This is not Hamlet: Disney’s The Lion King

The Walt Disney Company wants you to believe that The Lion King belongs in this Read-Watch. Never mind that the film is usually classified as a Disney original. In the corporate version of events, The Lion King was inspired not, say, by a desire on the part of Disney executives to capitalize on the company’s success with films featuring cute singing animals, but entirely by the desire to bring Hamlet to its natural environment out on the savannah with noble lions and evil hyenas, creating a sort of Bambi meets Hamlet.

With a happier ending.

Far be it from me to contradict one of the world’s largest and most successful media conglomerates, but let’s do a quick comparison, shall we?

In both:

  • Evil uncles focused on murder and usurping the throne.
  • Ghostly fathers apparently trying to get their kids killed.
  • Characters deeply frustrated that the protagonist refuses to get any sense of responsibility already, like, Hamlet, stop talking and ACT ALREADY, and Simba, stop eating bugs and ACT ALREADY.

Only in Hamlet:

  • A seriously not at all platonic relationship between Hamlet’s uncle and his mother.
  • A prince more than willing to wait to be king.
  • Lengthy conversations with skulls.
  • Invading Danes.
  • A mild obsession with whether or not nunneries are an appropriate career option for women who just want their boyfriends to talk to them already, damn it.
  • Dead bodies everywhere.

Only in The Lion King:

  • Platonic and only marginally polite relationship between Simba’s uncle and his mother.
  • A prince announcing that he just can’t WAIT to be king.
  • A mandrill skilled at Kung Fu.
  • Several cheerful songs easily able to be integrated into a wildly successful Broadway show.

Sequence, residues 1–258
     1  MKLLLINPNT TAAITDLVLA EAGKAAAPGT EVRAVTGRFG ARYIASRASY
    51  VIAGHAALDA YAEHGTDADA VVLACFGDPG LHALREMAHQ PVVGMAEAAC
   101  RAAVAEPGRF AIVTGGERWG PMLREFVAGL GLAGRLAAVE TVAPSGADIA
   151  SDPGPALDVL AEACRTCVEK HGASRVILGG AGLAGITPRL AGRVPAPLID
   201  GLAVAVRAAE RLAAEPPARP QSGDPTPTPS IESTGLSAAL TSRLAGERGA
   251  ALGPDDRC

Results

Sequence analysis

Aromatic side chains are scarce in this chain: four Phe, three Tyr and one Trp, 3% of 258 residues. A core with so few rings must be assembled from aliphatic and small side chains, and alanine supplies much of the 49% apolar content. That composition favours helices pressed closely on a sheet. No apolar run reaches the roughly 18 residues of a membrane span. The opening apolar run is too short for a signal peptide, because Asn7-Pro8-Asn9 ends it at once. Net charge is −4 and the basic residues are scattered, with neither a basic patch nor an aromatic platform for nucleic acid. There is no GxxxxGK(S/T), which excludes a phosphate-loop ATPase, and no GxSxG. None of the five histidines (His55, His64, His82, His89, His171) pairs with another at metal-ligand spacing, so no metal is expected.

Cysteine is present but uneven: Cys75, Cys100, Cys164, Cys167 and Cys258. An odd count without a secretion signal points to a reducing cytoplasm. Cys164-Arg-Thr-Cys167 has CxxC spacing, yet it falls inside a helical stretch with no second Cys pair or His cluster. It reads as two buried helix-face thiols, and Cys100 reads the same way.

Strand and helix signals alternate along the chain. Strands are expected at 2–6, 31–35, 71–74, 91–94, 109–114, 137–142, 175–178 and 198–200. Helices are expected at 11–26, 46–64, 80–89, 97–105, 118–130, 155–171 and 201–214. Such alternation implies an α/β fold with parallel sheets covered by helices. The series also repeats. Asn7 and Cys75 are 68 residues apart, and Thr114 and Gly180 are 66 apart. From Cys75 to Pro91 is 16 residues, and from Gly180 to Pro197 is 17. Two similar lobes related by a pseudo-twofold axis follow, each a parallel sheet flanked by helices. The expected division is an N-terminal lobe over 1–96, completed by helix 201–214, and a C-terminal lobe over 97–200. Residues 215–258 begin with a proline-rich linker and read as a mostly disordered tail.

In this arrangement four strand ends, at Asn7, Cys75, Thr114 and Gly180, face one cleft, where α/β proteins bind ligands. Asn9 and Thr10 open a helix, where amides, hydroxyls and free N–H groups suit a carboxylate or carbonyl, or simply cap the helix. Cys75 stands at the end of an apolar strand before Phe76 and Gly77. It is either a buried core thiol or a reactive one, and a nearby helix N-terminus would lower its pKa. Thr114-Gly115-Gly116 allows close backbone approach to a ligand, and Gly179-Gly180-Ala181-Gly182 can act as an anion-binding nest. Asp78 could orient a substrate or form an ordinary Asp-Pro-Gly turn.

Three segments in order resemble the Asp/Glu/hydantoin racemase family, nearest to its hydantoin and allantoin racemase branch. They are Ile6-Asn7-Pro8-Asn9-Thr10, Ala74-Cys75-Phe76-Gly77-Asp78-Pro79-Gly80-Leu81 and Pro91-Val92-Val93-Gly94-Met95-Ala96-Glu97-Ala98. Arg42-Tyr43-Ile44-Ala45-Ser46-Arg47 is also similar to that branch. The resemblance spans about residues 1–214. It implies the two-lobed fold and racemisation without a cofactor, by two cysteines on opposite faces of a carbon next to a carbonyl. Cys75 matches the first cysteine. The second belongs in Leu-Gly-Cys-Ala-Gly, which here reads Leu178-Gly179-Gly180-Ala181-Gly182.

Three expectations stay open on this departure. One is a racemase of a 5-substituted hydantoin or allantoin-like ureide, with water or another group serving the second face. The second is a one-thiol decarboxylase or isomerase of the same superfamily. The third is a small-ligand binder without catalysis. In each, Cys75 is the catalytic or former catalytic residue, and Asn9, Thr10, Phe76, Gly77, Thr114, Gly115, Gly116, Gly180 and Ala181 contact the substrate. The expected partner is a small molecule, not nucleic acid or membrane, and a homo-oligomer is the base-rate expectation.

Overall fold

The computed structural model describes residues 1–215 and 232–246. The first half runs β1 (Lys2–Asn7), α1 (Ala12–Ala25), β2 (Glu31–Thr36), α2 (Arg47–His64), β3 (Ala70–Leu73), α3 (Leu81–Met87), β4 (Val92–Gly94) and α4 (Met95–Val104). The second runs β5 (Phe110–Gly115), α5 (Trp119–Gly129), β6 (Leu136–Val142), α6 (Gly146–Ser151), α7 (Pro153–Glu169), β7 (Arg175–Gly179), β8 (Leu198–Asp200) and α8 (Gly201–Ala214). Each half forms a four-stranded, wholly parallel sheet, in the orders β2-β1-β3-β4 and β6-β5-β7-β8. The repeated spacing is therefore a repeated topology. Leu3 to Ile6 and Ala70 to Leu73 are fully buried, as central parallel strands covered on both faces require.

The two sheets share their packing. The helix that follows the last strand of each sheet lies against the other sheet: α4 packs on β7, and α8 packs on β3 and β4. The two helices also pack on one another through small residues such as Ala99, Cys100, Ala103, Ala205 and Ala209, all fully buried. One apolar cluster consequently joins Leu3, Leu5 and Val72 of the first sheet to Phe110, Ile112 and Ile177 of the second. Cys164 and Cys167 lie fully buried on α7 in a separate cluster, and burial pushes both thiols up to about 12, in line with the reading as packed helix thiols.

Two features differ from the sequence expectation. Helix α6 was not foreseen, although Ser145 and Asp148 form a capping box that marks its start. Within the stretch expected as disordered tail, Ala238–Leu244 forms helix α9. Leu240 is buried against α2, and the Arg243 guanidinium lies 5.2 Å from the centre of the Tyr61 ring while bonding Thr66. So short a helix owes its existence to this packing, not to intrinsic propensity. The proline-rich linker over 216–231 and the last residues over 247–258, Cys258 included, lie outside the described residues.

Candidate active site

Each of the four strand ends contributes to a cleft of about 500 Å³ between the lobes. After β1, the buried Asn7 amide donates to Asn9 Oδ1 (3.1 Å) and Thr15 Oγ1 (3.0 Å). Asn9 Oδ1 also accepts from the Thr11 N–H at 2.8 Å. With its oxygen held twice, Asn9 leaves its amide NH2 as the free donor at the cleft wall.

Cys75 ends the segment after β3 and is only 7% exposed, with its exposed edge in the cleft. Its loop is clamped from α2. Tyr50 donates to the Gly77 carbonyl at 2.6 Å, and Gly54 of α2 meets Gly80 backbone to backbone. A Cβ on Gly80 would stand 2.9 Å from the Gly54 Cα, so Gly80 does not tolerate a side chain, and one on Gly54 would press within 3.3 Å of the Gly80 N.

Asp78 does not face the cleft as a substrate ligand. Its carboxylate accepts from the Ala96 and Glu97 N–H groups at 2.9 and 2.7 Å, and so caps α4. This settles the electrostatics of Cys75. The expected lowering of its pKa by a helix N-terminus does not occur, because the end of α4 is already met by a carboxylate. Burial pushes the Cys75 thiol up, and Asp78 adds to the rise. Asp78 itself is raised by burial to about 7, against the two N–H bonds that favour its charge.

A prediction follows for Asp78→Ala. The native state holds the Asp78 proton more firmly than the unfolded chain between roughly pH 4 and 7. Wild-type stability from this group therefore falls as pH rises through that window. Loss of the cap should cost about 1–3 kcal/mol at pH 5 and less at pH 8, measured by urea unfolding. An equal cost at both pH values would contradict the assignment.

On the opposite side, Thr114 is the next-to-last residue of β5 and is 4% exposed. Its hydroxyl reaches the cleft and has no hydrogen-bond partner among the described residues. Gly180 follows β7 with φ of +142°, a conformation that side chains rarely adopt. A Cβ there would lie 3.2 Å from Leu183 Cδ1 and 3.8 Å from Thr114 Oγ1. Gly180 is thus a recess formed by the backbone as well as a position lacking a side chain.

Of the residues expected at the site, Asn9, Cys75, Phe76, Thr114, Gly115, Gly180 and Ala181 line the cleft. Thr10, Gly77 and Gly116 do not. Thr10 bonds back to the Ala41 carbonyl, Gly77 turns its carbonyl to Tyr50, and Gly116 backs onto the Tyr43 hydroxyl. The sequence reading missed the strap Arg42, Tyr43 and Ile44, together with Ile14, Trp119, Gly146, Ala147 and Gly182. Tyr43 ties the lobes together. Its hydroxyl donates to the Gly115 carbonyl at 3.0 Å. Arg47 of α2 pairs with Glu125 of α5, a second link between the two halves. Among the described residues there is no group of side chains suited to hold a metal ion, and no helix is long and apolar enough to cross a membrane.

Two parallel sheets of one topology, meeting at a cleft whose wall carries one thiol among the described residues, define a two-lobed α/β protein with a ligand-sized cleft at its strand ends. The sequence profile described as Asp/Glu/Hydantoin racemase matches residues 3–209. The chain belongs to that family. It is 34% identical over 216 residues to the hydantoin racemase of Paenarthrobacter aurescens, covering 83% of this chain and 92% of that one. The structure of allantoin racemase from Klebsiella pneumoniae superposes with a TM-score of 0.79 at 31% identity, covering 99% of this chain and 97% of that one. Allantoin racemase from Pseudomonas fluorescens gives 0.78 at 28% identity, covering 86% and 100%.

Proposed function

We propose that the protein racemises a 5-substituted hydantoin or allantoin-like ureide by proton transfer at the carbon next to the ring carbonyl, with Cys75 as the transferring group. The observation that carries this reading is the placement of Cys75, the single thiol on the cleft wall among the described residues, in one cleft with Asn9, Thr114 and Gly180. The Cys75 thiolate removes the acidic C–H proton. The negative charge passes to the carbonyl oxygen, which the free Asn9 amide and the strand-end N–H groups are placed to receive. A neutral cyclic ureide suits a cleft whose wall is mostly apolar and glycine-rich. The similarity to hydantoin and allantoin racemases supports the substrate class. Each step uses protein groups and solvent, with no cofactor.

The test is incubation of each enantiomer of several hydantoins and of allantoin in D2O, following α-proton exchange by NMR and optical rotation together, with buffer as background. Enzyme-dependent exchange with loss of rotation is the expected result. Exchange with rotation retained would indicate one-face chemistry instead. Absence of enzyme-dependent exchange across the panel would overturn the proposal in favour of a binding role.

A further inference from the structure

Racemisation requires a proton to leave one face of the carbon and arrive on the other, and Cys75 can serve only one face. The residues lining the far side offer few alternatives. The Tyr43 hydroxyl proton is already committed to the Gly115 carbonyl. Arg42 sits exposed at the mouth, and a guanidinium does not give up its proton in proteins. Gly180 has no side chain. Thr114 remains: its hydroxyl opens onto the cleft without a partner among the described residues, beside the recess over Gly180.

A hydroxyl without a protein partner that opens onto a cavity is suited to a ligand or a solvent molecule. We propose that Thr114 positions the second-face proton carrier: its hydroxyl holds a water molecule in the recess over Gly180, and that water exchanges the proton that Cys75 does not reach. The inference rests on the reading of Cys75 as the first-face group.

• Stampeding wildebeests.
  • A credible attempt to convince small children that bugs can be a nutritious and tasty food source.
  • A happy ending for everyone who isn’t already dead or a hyena.

The Bambi comparison is perhaps a bit more apt: both Bambi and The Lion King, after all, are fundamentally about little animals who must grow up and take adult responsibilities, fighting members of their own species (and fires!) while doing so. Though the differences between Bambi and The Lion King are also profound: Bambi’s villain, humanity, is always shadowed, off in the distance, never quite seen; The Lion King’s villain, Scar, triumphantly sings in front of the screen in scenes that evoke certain moments of Nazi propaganda—something Bambi has a more ambiguous response to.


And The Lion King believes, unquestionably, that everything in the Pride Lands has gone wrong because an illegitimate ruler is on the throne; Bambi believes that everything in the forest has gone wrong because humans are around. Also, because bad things happen. It’s safe to say that both Hamlet and Bambi were at best distant inspirations.